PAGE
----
The first lab burger made of meat from bovine cells grown from a starter culture of muscle stem cells was recently cooked and tasted before a global audience.
The Daily Mail recently reported that''a cultured beef burger, made from a cow's stem cells, was cooked in front of an invited audience and served to nutritional scientist Hanni Rutzler and author Josh Schonwald".
Dr Rutzler cautiously described the general effect as ''close to meat, but a bit dry'' citing the lack of fat usually present in cow muscle tissue, but absent in the in vitro grown meat, as the probable cause of the different mouth feel of the burger made out of cultured lab meat. Besides catching the attention of a global online audience this food of the future has captured the interest of Sergey Brin, one of the founders of Google who together with the Dutch Government helped finance the ground breaking research that brought us the lab burger.
There are good reasons for wanting to grow meat in the laboratory, Firstly, it makes sense from an environmental perspective saving arable land that can be put to other uses with a looming food crisis due to population growth. Secondly, cows are a substantial source of methane on a global scale, a powerful green house gas.
Finally, It also makes sense from an ethical perspective based on the treatment of animals that end up on our plates.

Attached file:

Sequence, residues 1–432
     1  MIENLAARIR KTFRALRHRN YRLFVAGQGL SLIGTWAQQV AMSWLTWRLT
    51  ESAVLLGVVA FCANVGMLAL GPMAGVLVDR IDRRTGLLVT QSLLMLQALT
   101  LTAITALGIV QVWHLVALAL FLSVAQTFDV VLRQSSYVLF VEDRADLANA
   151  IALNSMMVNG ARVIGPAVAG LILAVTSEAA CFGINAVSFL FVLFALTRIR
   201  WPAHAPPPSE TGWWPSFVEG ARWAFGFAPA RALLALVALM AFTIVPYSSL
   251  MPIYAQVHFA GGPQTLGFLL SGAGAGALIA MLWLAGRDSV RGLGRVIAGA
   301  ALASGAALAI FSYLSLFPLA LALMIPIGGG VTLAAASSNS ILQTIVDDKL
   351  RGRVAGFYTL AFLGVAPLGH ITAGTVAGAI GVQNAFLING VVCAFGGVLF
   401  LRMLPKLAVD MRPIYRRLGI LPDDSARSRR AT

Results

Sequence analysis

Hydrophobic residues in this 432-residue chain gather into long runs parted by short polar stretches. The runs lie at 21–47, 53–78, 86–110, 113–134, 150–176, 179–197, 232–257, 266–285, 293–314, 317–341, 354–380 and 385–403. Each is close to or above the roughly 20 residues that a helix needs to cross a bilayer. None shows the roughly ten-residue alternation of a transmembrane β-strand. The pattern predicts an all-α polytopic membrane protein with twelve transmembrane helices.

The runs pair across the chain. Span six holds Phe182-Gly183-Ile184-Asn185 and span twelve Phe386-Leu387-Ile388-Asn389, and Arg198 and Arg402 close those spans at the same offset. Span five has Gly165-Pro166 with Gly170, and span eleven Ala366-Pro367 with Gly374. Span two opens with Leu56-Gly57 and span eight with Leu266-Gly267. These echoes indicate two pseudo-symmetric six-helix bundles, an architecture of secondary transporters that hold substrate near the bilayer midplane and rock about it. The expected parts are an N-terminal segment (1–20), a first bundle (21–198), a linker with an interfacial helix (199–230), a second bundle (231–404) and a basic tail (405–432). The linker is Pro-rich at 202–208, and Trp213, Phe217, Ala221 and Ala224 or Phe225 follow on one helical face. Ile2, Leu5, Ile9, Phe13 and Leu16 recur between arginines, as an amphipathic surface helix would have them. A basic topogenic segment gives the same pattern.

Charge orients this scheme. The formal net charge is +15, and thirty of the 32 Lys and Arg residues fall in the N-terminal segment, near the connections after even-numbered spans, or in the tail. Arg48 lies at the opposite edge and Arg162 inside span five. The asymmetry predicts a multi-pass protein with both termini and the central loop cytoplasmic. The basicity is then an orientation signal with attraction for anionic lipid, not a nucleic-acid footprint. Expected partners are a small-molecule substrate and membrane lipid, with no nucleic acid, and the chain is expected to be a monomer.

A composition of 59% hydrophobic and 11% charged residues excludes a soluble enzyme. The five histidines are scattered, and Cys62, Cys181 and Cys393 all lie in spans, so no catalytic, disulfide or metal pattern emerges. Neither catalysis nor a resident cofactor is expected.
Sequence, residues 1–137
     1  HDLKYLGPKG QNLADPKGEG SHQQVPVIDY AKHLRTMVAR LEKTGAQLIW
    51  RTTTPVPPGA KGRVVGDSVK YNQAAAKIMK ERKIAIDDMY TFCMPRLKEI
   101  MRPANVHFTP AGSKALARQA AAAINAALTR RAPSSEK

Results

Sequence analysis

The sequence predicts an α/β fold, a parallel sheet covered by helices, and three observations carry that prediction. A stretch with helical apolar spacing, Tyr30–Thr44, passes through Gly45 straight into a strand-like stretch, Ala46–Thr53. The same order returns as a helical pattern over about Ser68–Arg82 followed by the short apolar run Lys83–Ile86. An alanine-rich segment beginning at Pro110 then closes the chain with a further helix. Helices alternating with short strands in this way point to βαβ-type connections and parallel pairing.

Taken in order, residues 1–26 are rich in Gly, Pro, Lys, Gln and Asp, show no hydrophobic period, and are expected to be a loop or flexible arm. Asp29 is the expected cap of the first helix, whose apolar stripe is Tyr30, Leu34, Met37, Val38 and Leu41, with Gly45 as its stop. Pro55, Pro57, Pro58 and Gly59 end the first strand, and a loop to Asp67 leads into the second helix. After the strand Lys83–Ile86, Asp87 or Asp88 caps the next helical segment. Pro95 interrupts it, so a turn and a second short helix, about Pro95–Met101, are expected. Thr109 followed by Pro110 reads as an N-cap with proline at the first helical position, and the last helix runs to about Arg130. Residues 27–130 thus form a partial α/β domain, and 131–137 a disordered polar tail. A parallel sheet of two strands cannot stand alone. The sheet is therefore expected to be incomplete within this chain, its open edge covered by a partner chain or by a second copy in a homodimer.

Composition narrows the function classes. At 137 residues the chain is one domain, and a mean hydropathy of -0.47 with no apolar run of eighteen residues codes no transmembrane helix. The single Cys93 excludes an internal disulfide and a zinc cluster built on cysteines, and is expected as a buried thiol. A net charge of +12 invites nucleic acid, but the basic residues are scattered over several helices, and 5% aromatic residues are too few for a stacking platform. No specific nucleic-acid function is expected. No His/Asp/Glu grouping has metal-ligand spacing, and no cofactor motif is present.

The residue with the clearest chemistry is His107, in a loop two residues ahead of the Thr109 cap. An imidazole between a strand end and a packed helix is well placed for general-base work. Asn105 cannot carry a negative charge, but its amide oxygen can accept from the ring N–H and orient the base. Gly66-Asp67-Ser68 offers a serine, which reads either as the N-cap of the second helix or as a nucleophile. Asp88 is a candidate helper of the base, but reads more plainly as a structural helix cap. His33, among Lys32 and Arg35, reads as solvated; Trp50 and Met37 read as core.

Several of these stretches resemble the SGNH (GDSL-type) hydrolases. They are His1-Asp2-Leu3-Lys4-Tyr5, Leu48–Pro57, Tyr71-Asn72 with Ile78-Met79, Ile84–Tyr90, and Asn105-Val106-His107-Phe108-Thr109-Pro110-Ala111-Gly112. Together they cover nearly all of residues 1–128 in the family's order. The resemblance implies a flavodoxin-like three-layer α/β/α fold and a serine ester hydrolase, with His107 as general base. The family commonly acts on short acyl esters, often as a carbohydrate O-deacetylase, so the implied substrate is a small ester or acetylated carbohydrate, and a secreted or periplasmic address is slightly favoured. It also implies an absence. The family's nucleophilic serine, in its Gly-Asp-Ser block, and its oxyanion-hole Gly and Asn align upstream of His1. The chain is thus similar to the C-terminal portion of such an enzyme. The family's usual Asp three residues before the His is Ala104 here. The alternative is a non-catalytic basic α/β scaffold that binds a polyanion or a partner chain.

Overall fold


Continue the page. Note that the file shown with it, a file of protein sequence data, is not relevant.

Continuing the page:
It might not be such a surprise then that People for The Ethical Treatment of Animals or PETA a few years back offeredto pay a million dollars for an alternative source of meat according to news reports.
So we have got influential people from all walks of life backing this research. But how is it done?
The starting material is adult stem cells. Adult stems cells come from differentiated tissues or organs in contrast to embryonic stem cells that come from embryos and therefore have been more controversial.
The adult muscle stem cells used to produce the lab burger ultimately come from muscle tissue biopsies from cows. Thousands of starter cow stem cells are allowed to multiply exponentially under controlled sterile conditions in the laboratory, with controlled temperature, adequate supply of nutrients supplied in liquid form, and a substrate that will not inhibit cell growth and promote organization of the cells into pieces of tissue. The resulting muscle tissue will theoretically give 50, 000 tons of meat in two months from as little as 10 starter cells as calculated by researchers at Utrecht University.
At present the conditions are far from optimal. As a result the cost of creating enough meat for the first in vitrocultured pattie was a staggering $320 000. But when the growing of the stem cells have been automated and the protocols streamlined the cost will come down to compete with the burgers served by any multi national burger chain.
And the possibilities for new products spinning out of this new technology are interesting.
Instead of taking the stem cells from cow we could consider taking stem cells from poultry or pigs that are two other readily available sources of animal protein today.
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